Choices: one single table or one table per choice component

Now, when using a choice component, increasingly I find myself creating a table per choice component. Before, I used to put all my choices in a single table, one list of choices per column, even though of course the choices might be unrelated (the rows in my “Choices” table had no meaning).

I create a table per choice component to source and write RowIDs instead of the ChoiceName should the names of the choices change, such as a spelling mistake for instance.

The approach of creating a choices table per choice component feels tedious. How do you do it?

(It would be nice if we could put tables into folders in the data editor, that would help keep the list of tables uncluttered.)

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I still use a single table to hold a variety of different types of choices. It saves quite a bit a rows and is less of a mess. I have more than enough tables in my project already.

Normally, I would say that you could have shared RowID’s for all of your choices. So one RowID column, but Choice List 1 and Choice List 2 would share the same row id. It would work, but you would have to be extremely careful if your list of choices ever changed. You could easily add choices to a list, but you can’t just delete a row ore move a row without possibly affecting your other choice list items in the same row.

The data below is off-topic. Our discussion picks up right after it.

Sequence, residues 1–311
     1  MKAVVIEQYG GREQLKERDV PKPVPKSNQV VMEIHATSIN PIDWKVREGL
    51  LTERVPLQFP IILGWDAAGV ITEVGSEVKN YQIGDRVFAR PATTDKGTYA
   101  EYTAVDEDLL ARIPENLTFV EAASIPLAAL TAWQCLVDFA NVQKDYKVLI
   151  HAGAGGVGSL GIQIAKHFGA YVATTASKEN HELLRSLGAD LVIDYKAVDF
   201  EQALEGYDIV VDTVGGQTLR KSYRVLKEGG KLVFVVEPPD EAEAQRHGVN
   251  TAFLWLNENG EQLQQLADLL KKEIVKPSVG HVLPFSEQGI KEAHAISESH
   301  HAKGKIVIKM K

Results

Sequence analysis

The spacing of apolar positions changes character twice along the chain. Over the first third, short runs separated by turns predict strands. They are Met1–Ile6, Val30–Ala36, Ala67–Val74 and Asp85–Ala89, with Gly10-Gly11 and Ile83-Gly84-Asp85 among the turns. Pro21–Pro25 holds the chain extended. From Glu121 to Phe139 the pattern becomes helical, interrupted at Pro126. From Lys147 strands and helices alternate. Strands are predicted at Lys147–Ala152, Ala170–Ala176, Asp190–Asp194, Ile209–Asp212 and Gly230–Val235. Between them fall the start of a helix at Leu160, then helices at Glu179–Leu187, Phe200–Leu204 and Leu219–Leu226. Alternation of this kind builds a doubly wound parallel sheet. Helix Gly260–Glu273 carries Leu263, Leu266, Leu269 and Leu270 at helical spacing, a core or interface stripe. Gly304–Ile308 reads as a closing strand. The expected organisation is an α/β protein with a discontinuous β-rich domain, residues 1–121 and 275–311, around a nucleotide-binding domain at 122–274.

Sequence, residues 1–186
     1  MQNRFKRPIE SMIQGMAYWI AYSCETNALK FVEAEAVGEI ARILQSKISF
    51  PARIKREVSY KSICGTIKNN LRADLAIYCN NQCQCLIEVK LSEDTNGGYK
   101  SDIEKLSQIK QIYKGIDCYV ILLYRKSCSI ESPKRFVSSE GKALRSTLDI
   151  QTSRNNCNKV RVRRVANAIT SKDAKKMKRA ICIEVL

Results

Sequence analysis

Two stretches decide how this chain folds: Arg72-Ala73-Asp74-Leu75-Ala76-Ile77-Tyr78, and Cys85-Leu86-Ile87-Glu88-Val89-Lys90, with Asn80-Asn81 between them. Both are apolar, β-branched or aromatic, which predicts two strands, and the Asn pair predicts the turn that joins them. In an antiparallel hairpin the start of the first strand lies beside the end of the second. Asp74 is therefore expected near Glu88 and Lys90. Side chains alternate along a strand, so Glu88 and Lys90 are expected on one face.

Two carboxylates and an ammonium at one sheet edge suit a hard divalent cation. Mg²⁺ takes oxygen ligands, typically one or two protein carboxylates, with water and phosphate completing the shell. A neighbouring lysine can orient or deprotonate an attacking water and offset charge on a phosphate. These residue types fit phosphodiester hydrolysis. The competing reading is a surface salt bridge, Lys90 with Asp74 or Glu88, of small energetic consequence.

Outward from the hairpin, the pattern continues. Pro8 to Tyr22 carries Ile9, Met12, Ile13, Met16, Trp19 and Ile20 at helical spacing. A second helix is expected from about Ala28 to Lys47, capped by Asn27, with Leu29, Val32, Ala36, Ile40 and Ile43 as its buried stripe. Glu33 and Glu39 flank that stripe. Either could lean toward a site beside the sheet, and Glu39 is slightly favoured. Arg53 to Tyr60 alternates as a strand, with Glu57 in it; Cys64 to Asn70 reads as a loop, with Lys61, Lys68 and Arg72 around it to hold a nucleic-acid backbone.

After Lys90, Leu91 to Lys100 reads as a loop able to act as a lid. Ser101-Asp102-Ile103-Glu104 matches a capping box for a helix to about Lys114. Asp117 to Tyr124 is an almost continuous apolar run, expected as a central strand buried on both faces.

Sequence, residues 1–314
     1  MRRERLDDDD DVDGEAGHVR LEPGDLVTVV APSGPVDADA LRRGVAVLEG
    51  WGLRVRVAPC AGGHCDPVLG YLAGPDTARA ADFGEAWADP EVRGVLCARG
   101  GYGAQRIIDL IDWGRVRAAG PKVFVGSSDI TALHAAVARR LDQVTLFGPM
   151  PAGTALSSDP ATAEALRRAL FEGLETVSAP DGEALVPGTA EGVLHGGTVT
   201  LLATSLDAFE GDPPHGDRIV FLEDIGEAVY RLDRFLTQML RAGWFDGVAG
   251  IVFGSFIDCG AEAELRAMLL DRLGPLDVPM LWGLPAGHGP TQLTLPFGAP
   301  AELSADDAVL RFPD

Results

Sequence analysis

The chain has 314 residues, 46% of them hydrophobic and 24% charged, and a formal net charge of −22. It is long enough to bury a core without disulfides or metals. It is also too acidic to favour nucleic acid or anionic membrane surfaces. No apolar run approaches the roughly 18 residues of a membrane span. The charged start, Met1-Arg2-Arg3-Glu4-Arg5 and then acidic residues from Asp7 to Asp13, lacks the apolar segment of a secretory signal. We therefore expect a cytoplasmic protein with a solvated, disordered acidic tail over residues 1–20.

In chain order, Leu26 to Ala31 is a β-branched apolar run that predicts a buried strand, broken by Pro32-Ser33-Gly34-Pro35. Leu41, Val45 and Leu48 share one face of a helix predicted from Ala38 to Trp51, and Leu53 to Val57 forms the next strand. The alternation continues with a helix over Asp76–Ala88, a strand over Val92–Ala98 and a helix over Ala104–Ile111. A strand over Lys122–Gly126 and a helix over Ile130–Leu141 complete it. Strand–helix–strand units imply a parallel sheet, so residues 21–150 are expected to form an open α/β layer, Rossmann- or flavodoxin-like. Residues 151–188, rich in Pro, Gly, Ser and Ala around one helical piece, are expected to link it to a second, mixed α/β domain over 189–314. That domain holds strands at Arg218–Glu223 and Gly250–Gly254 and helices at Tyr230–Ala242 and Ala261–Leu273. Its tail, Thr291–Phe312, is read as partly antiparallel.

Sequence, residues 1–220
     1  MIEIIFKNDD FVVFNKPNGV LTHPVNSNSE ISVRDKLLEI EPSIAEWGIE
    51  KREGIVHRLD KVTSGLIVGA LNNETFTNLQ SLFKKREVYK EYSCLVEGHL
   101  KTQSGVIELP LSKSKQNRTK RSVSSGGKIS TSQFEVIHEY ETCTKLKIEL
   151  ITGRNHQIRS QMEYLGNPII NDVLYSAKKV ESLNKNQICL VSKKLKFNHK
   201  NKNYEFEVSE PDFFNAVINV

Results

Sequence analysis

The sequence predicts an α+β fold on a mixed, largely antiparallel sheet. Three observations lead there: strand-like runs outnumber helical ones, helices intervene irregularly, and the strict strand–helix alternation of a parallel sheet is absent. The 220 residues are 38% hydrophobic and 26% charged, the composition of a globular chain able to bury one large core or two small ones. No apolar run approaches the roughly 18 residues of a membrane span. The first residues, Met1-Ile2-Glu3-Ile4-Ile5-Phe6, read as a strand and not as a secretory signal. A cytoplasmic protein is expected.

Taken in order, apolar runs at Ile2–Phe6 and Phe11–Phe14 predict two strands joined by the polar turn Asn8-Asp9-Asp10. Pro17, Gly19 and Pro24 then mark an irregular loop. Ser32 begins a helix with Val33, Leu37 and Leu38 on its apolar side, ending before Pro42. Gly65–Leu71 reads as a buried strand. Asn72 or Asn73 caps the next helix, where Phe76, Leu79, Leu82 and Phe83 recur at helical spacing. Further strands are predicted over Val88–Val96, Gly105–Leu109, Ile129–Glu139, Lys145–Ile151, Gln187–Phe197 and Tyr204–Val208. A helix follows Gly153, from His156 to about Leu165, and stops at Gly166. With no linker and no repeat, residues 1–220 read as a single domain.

I guess it’s just a matter of what’s more important to you.

Using a single choice table, you can still use row id’s, but may become harder to maintain if you ever need to remove a choice. You may end up with gap in a choice list to avoid messing up the row id it’s related to. If they remain relatively static, then it’s probably not an issue. Then again, if you remove a choice from the list, then that would probably mess up any other tables that no longer have a row to relate to, so it’s probably a non-issue.

Using separate tables, I would probably start a naming convention. Maybe something like CS-Choices1 and CS-Choices2. I’ve started applying a naming convention with a couple of tables in my app. In the image below, MS represents the initials of my app name (so I can differentiate it from all of the other glide tables if I ever add existing glide tables to other projects. WK represents ‘work’ as in a work table. Then the rest is just what the table name is. Since there is no “folder” option for tables, you could easily drag and drop all of your choice tables to the bottom so they are out of the way and kept together. The naming convention would make it easier to identify what the table is for.

image

(* In my case, I don’t utilize RowID’s. I just write the name when a choice is selected. In my case, if a choice name changed, I would still want to retain the old name. Not a technique that most of use suggest, but it makes sense in my case. Sometimes my list of available choices changes…not just a name change or correction.)

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Thanks for your ideas. I have as you suggested adopted a naming convention for my choice tables and I do group them.